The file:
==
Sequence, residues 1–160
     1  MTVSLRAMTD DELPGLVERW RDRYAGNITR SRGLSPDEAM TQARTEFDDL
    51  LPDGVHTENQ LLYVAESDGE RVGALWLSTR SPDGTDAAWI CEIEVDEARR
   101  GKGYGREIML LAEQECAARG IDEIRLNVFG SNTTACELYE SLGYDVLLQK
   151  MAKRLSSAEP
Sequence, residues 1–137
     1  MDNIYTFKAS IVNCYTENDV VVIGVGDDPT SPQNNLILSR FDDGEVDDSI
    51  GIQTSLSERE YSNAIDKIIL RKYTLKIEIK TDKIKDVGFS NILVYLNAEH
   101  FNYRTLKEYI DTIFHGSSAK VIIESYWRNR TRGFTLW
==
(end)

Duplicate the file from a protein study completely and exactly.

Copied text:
Sequence, residues 1–160
     1  MTVSLRAMTD DELPGLVERW RDRYAGNITR SRGLSPDEAM TQARTEFDDL
    51  LPDGVHTENQ LLYVAESDGE RVGALWLSTR SPDGTDAAWI CEIEVDEARR
   101  GKGYGREIML LAEQECAARG IDEIRLNVFG SNTTACELYE SLGYDVLLQK
   151  MAKRLSSAEP
Sequence, residues 1–137
     1  MDNIYTFKAS IVNCYTENDV VVIGVGDDPT SPQNNLILSR FDDGEVDDSI
    51  GIQTSLSERE YSNAIDKIIL RKYTLKIEIK TDKIKDVGFS NILVYLNAEH
   101  FNYRTLKEYI DTIFHGSSAK VIIESYWRNR TRGFTLW